Specialised teaching for individuals with dyscalculia, the mathematical equivalent of dyslexia, should be made widely available in mainstream education, according to a review of current research published today in the journal Science.
Although just as common as dyslexia, with an estimated prevalence of up to 7% of the population, dyscalculia has been neglected as a disorder of cognitive development. However, a world-wide effort by scientists and educators has established the essential neural network that supports arithmetic, and revealed abnormalities in this network in the brains of dyscalulic learners.
Neuroscience research shows what kind of help is most needed strengthening simple number concepts. This can be achieved with appropriate specially-designed teaching schemes, which can be supported by game-like software that adapts to the learner's current level of competence.
Professor Brian Butterworth, co-author of the paper and a member of the Centre for Educational Neuroscience (CEN) from the UCL Institute of Cognitive Neuroscience, said: "Dyscalculia is at least as much of a handicap for individuals as dyslexia and a very heavy burden on the state, with the estimated cost to the UK of low numeracy standing at £2.4 billion."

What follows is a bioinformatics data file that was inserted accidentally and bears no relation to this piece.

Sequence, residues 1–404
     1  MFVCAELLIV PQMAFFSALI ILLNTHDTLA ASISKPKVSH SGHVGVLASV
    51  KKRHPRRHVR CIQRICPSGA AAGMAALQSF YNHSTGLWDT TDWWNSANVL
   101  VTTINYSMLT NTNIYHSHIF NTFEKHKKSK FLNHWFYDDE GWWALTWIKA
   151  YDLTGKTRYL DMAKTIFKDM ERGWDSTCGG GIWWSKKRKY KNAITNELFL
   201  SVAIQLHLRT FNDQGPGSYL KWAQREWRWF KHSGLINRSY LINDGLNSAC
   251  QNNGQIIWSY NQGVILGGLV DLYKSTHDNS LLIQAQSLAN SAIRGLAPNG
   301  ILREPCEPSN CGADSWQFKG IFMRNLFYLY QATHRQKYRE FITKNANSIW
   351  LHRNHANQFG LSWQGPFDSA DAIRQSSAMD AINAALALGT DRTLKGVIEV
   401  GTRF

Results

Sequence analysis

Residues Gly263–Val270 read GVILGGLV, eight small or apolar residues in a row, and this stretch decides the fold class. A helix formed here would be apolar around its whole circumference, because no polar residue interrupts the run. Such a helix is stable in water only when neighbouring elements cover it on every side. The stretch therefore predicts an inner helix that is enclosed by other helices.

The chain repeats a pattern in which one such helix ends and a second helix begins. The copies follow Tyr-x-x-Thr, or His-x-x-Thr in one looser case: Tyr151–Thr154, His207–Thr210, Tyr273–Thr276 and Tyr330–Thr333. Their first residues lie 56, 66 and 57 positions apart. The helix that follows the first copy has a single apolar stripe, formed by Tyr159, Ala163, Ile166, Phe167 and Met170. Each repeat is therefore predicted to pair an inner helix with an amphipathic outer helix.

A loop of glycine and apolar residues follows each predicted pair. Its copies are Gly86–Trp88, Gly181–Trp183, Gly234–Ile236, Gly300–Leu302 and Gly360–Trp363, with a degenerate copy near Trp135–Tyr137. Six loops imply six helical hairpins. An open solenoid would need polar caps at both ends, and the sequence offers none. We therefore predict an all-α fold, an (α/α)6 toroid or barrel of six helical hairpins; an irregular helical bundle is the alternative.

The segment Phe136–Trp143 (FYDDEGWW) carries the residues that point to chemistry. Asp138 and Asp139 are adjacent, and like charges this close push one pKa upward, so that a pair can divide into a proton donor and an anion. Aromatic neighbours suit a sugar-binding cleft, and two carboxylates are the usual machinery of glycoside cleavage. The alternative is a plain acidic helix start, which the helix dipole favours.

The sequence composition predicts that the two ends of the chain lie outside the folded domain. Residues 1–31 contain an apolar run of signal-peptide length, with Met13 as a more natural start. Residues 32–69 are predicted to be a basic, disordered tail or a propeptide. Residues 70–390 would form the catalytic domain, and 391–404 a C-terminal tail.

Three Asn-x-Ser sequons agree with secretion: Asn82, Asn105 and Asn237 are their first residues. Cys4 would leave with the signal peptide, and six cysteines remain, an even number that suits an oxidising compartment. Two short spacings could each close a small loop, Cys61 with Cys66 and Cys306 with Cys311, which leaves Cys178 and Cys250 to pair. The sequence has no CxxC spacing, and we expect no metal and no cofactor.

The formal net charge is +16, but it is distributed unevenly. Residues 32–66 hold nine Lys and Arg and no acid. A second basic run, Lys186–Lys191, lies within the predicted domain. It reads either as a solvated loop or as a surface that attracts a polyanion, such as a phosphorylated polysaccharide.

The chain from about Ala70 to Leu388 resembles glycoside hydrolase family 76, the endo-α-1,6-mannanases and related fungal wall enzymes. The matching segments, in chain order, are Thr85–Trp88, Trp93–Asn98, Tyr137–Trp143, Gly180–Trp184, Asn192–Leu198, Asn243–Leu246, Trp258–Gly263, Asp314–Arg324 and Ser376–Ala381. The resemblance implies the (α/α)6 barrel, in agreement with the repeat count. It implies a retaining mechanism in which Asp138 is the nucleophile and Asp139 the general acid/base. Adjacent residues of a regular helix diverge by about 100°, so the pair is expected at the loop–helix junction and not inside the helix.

"Nevertheless, there are only cursory references to the disorder on the Department of Education website - no indications are offered for help either for learners, teachers or parents. It's as if the government does not want to acknowledge its existence."
Like dyslexia, dyscalculia is a condition we are born with, and may be heritable in many or most cases. Research from twins and special populations suggests that an arithmetical disability has a large genetic component, but the genes responsible have not yet been located.
Professor Diana Laurillard, another co-author and a member of CEN from the Institute of Education (IOE), University of London, said: "Just because dyscalculia is inherited it does not mean that there is nothing that can be done about it. As with dyslexia, specialized teaching can help. At the IOE we have developed software resources specifically to help children with dyscalculia, based on brain research showing exactly what problems the brain is having."
One of the main challenges of the effort to understand dyscalculia, is for scientists from these very different disciplines to understand each others' methods and results. The creation of interdisciplinary and inter-institutional centres to promote joint work, such as the Centre for Educational Neuroscience established by UCL (University College London); the Institute of Education, University of London and Birkbeck University of London, aims to address this challenge.
Professor Laurillard added: "Results from neuroscience and developmental psychology tell us that dyscalculic learners need to practice far more number manipulation tasks than mainstream learners. Adaptive, game-like programs that focus on making numbers meaningful, emulating what skilled SEN teachers do, can help learners practice beyond the classroom and build the basic understanding they need to tackle arithmetic."
More information: "Dyscalculia: From Brain to Education" Science, May 27 2011.